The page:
1929, Iris Miraculosa
Addisonia volume 14, page 9, plate 453, 1929
Native of southern Louisiana
Family Iridaceae, The Iris Family
To meet an iris in its native haunts, bearing strikingly beautiful flowers on stems reaching to the level of one's head is a rare experience, but we now know that it is to be expected in the lower Mississippi Delta. In March 1927 Ruth and Arthur Svihla collected and sent the writer a series of living specimens of such an iris, from one of which the accompanying illustration was made. The stature of the plant however, is not the only remarkable feature of Iris miraculosa, the flowers themselves being quite unusual. In the accompanying illustration only a lateral flower can be shown, as the terminal ones are unusually large. The perianth in this species is usually white, but colored forms like the one figured are occasionally met with. When and how the color was introduced in the course of the evolution of the species, may always remain a mystery, for it is a shade of lavender different from that in any other known American iris. But no doubt many colors, shades, and forms of irises were lost during the elevations and depressions, floods and droughts of the Tertiary Period and the alternate cooling and warming of the climate during the glacial epoch.
The direct or indirect ancestors of this species must have been harbored in the highlands during the latest general submergence of the continent. Then, however, the rigors of the ice age pushed it south almost to the limit of the land and into some of the most recently naturally laid-down alluvium of North America, and it never regained its lost territory.
Plants of Iris miraculosa are hardy at The New York Botanical Garden with the moderate protection of the cold-frames. A plantation of several dozen plants came through the winter of 1928, unscathed, with but slight protection, but curiously enough, only one plant flowered, whereas all the other Louisiana material flowered profusely.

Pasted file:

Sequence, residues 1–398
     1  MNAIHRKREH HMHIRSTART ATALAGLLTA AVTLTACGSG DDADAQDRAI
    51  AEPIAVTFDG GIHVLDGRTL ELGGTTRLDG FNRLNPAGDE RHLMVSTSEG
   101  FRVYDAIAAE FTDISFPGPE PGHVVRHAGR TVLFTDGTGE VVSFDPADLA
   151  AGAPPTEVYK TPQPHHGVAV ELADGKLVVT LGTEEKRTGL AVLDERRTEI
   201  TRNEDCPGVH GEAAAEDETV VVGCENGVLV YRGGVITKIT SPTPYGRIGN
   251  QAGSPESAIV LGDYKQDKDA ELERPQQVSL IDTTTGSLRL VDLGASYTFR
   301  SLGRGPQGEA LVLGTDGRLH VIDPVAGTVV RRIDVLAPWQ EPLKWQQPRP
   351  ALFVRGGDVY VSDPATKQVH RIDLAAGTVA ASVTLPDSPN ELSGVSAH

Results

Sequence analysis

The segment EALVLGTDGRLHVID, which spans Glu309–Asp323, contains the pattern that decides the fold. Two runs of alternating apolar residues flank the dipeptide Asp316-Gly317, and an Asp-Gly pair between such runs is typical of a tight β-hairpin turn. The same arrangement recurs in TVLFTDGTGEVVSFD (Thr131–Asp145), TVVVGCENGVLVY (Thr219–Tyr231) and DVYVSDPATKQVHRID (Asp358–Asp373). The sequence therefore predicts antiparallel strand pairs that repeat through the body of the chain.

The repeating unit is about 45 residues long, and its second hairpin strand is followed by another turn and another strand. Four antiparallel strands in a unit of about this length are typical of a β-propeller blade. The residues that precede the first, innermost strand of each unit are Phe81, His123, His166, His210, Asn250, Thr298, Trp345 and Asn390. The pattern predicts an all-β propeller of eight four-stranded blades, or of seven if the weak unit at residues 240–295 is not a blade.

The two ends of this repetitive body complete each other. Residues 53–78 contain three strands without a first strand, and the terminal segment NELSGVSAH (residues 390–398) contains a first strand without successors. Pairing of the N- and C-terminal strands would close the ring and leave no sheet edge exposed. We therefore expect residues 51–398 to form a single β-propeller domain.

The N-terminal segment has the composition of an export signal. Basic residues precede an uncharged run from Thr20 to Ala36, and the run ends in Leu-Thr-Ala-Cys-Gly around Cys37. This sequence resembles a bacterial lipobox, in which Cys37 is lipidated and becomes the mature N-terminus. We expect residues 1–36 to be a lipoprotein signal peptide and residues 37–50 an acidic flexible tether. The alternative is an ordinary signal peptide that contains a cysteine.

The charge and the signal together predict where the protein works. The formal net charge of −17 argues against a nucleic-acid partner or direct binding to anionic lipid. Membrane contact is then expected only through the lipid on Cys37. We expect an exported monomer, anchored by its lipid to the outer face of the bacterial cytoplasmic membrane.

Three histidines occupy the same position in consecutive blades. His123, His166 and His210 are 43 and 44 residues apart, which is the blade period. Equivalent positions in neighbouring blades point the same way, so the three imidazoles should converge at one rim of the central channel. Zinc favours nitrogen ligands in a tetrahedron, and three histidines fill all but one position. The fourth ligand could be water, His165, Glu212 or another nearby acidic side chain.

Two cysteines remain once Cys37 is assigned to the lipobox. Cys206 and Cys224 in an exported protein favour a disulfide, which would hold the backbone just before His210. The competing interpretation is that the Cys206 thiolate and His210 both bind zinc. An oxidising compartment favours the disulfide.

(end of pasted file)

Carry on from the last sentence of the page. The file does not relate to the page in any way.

Iris miraculosa is not restricted to one kind of habitat, but it thrives in several types and apparently equally well. Its requisite is a rich alluvium. This may be in the open with a carpet of a turf of grasses and small herbaceous plants or in the dense shade in
a swamp with cypress trees and various clustered shrubs. The type specimen is in the herbarium of The New York Botanical Garden. The giant iris has a very stout fleshy branching rootstock. The leaves are usually three to six together at the base of the flower-stalk. The blades are broadly linear-ensiform, mostly one to one and three-quarter inches wide, bright-green and often glaucescent. The flower-stalk is erect, three to six feet tall, stout, usually with three or four flower-bearing nodes below the terminal, the internodes somewhat flattened, angled below the base of the foliaceous bracts. The involucre is erect, of two or three bracts, the outer bract linear-attenuate, exceeding the flower, slightly scarious on the keel and the edges, the inner (second) bract equalling the lower part of the perianth, scarious margined. The flowers are usually two together at the tip of the flower-stalk and single or paired in the axils of the leaf-like bracts below. The hypanthium surrounding the ovary is shorter than the pedicel, sharply six-angled, together with the pedicel tightly enveloped in the involucre. The flower-tube is slightly dilated upward, slightly shorter than the ovary, six-ridged, the ridges in pairs. The three sepals are remate, three and a half to four and three-quarter inches long, arching. The claw is broadly linear, somewhat narrowed at the base; without, light-green and darker-green striate; within, yellow-green and with deeper-green striations on both sides of the median prominent ridge. The blade is broadly elliptic or elliptic-obovate, somewhat longer than the claw, mostly rounded or slightly notched at the apex; without, green at the base, dull lavender above; within, mainly lavender, deep-lavender about the margins, paler in the center and about the golden papillose crest which extends half way up into the blade, crenate above the middle or sometimes all around. The three petals are spatulate, nearly or quite as long as the sepals. The claw is cuneate, merging into the blade; without, greenish at the base, lavender and green-striate above; within, green-striate near the base, lavender on the margins. The blade is slightly broadened upward, more or less notched at the apex; without, rather pale lavender, with few green lines; within, bright-lavender, with few greenish lines. The three stamens are an inch and a half to two inches long. The style-appendages are half -ovate, about three-quarters of an inch long, incised-serrate, usually slightly acuminate. The stigma is two-lobed. The capsule is oval or obovoid, about two and a half inches long, bright-green, sometimes glaucescent, turgid, obscurely six-lobed, the ridges and grooves obscure. The seeds are numerous, in two rows in each cavity, usually between a half and three-quarters of an inch in diameter, irregularly half -orbicular, unevenly thickened, brown, corky-walled.
John. K. Small.
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